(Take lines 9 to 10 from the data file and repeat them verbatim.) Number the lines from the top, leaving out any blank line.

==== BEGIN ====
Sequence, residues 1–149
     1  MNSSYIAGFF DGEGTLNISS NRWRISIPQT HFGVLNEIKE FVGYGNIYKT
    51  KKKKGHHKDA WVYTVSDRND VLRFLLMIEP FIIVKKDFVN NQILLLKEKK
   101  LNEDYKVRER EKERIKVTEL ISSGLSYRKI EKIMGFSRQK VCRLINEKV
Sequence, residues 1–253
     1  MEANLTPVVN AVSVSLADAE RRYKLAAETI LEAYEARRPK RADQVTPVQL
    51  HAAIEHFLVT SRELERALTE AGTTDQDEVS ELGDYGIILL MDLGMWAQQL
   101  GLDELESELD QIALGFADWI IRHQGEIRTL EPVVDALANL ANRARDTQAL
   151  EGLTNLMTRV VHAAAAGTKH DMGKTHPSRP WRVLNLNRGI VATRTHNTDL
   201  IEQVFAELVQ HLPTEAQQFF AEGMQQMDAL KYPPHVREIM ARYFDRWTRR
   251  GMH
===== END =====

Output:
   151  EGLTNLMTRV VHAAAAGTKH DMGKTHPSRP WRVLNLNRGI VATRTHNTDL
   201  IEQVFAELVQ HLPTEAQQFF AEGMQQMDAL KYPPHVREIM ARYFDRWTRR